George Grosz, “No. 73 Restaurant,” c. 1925

 

In the gallery below Self and Society, we came across this—Cracked Question by Elizabeth Murray, who was not a German Expressionist.

But somehow, after seeing the horrors portrayed in Self and SocietyCracked Question seemed absolutely appropriate.

 

 

Don’t Rain on My Books

Oh, the weather! All week it was dry and sunny, simply and utterly beautiful. But then it rained on Saturday, when Clif and I were selling our books at the Windham Summerfest, an outdoor fair.  Luckily we have a very good canopy—brand new—with sides. And luckily the day started out as overcast, with the rain coming mid-afternoon. Otherwise, we wouldn’t have gone, as books and water are not a good combination, and we will not set up in the rain.

Although we didn’t sell as many books as we would have liked, Clif and I still had a good time at what was a very nice event created to promote community spirit. (Boy oh boy, we could certainly use lots and lots of community spirit in this country right now.) Also, a woman bought Maya and the Book of Everything to send to her granddaughter in Texas. It always tickles me to think of Maya traveling out of Maine, to places as far away as Texas. Not bad for a little indie book.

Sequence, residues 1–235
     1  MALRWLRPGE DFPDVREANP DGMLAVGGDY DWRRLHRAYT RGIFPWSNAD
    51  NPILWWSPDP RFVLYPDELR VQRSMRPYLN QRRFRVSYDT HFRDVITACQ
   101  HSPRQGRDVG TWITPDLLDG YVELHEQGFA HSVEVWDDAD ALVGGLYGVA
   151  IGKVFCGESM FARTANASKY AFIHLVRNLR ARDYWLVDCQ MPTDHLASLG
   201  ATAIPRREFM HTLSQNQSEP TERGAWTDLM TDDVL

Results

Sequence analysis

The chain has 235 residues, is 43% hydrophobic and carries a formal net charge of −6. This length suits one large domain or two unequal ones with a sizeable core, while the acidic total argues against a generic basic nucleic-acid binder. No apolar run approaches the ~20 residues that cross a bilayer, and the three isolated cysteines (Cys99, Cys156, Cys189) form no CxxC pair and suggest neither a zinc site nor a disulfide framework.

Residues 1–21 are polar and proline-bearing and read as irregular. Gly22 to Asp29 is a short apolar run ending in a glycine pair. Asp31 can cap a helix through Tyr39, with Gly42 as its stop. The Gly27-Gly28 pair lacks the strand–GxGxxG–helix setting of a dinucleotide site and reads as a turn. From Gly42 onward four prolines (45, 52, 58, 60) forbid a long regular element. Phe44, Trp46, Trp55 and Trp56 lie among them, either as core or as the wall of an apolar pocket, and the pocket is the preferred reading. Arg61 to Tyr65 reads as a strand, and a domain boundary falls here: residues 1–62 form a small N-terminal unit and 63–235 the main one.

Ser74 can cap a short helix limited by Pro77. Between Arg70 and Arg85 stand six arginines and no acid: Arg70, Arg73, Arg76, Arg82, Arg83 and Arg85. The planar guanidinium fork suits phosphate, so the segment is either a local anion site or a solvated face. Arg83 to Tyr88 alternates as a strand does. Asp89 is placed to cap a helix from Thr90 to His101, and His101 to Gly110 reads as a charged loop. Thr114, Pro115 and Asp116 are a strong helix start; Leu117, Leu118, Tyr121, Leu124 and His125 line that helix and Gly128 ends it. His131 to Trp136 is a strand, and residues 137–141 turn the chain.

However, one of the nicest parts of the day was being next to an artist named Erik Howell. His snappy abstract art really brightened the gray day. It fact, his work was so appealing that we bought a small piece. We were going to give it to our nephew Patrick for Christmas, but we liked it so much that we put it on our dining room. (Don’t worry! Patrick will be getting plenty of other presents from us.)

By 3:00, the overcast sky made up its mind to rain, and under wet conditions, we packed up and left early.  But it’s heartening that even at events that are literally a wash-up, there are always good bits that make up for it. I even got a tip about a big fair in South Paris, Maine, in mid-November.

However, that’s several months away.